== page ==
• Indirect third party costs – where indirect costs are eligible under a grant agreement, the auditor should be looking at the calculations of how these have been allocated to a project and the justifications for inclusion, so having these available is going to help the audit process.
  • Evidence of payment – often grants relate to levels of expenditure defrayed in a period, so having evidence of funds being paid out is crucial.

5. Communication at completion

Once the main body of the work is complete, an efficient, effective completion and feedback process can help bring the exercise to a timely close with an accurate and agreed report being submitted to the issuing body.

Whenever we act as examiner on a grant we agree the following with you:

  • The form of the report – making sure that it complies with the requirements of the issuing body;
  • The findings that the report contains – these have to be accurately reported, but we do not want nasty surprise for our clients, so these are agreed with you ahead of submission.
  • Final submission – making sure that this is done on time, and in the manner required by the issuing body.

6. Action on errors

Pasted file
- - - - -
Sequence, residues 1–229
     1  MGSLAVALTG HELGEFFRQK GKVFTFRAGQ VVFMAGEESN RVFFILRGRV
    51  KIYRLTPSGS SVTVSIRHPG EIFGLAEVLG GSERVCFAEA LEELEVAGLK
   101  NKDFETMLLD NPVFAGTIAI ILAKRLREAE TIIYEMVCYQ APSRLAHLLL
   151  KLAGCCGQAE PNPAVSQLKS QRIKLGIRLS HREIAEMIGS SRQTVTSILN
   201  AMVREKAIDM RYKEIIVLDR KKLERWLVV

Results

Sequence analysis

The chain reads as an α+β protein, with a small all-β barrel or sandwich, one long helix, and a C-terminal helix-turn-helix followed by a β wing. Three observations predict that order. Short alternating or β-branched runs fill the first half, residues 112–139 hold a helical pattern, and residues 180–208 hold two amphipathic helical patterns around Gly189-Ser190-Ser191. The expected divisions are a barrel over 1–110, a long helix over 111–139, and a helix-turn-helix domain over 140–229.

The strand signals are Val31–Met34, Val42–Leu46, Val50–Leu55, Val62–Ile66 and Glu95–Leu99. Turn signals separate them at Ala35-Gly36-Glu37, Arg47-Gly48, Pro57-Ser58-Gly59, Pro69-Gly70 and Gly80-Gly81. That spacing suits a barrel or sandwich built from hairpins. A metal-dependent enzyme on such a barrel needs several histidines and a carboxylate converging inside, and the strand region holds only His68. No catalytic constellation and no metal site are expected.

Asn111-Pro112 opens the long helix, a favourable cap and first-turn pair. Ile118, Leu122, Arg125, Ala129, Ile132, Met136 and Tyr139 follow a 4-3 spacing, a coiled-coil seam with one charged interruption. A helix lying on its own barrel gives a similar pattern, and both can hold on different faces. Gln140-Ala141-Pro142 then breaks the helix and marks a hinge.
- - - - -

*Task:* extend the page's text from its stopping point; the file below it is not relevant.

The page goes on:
• They can happen – Inevitably, errors in claims can occur, but this is not the end of the world.
  • They should be reported – whilst we have a professional duty to report errors in accordance with the guidelines of the grant, the way in which this is done should be agreed before the report is submitted.
  • They can be adjusted – often claims that have been submitted can be adjusted for errors discovered during the monitoring process.

At Hawsons, we have a depth of experience of dealing with grant audits and examinations in the transport sector. We always aim to take a proactive and organised approach to our work in this area to ensure that the grant recipient meets their reporting requirements, in an efficient and cost effective manner.

Paul Wormald is a partner at Hawsons, working in the Doncaster office. He worked previously with two national firms of Chartered Accountants prior to joining Hawsons in 2001. For more information or advice on anything covered in this article, please contact Paul on [email protected] or 01302 367 262.[/author_info]